> constitution outlines exactly what states a bill can be in, so any bill
      > *must* be in one of these states.
      >
      > But if we’re not sure what state a bill is in, what state do we put it
      > in in our data? There’s also the more important question- What do the
      > lawmakers do if they disagree about what state a bill is in? (Actually,
      > I would prefer to phrase it as “what state they are in”, but that’s
      > another story.) Wikipedia describes (what the editors of the page claim
      > is) a current debacle over H.R. 1585: National Defense Authorization Act
      > FY 2008:
      >
      > In December of 2007, President George W. Bush pushed the pocket
      > veto into murky waters by claiming that he had pocket vetoed H.R. 1585,
      > the “National Defense Authorization Act for Fiscal Year 2008,” even
      > though the House of Representatives had designated agents to receive
      > presidential messages before adjourning. The bill had been previously
      > passed by veto-proof majorities in both the House and the Senate [JT:
      > and thus a traditional veto would have been futile].
      >
      > So was the bill (pocket) vetoed or not? Is the bill still in-progress?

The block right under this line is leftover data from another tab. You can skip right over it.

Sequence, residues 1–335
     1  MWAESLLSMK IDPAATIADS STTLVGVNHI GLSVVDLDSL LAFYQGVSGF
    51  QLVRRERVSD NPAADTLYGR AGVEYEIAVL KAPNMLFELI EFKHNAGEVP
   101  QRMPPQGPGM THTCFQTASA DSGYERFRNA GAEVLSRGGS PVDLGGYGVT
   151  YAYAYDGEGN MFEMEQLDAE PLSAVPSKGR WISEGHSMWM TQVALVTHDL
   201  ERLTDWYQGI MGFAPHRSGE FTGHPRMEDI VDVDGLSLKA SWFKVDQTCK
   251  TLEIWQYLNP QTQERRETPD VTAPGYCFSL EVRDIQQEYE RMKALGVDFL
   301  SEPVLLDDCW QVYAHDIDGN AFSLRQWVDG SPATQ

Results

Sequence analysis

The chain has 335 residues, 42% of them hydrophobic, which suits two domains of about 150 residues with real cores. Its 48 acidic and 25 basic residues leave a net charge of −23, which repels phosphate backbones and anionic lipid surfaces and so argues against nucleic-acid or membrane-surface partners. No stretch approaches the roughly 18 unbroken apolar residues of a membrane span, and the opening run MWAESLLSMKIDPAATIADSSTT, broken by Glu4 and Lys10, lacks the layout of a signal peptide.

> Assuming it was not pocket vetoed, after 10 legislative days without a
      > traditional veto it becomes law, and us citizens would hate to be on
      > that 11th day without either resolution on the pocket veto matter or a
      > traditional veto, because then we as a country will not know whether
      > this bill has become law. (Another question: How might the Supreme Court
      > assert jurisdiction over this question.)
      >
      > But back to the data. At one point, some time after Dec. 28, someone in
      > the House responsible for updating the bill status information shown on
      > THOMAS entered a new status line:
      >
      > Dec 28, 2007: Pocket Vetoed by President.
      >
      > GovTrack picked up on the change and shows that status currently, much
      > to the confusion of several people emailing me about it. Looking back at
      > THOMAS, it seems like someone realized that that was apparently quite a
      > constitutional (if not political) claim and retracted that update,
      > because it not longer says that.
      >
      > In many cases citizens complain when the government takes things back,
      > hiding information previously made public. That’s definitely not what I
      > am getting at here. THOMAS is forced to show *something*, and when it
      > doubt… well, what can you do but roll back history until we figure out
      > what the next legislative step actually *was*.
      >
      >
      > --
      > - Josh Tauberer
      > - GovTrack.us <http://GovTrack.us>
      >
      > http://razor.occams.info
      >
      > "Yields falsehood when preceded by its quotation! Yields
      > falsehood when preceded by its quotation!" Achilles to
      > Tortoise (in "Gödel, Escher, Bach" by Douglas Hofstadter)
      >
      >
      >
      > Yahoo! Groups Links
      >
      >
      > mailto:govtrack-fullfeatured@yahoogroups.com
      > <mailto:govtrack-fullfeatured@yahoogroups.com>
      >
      >
      >
      >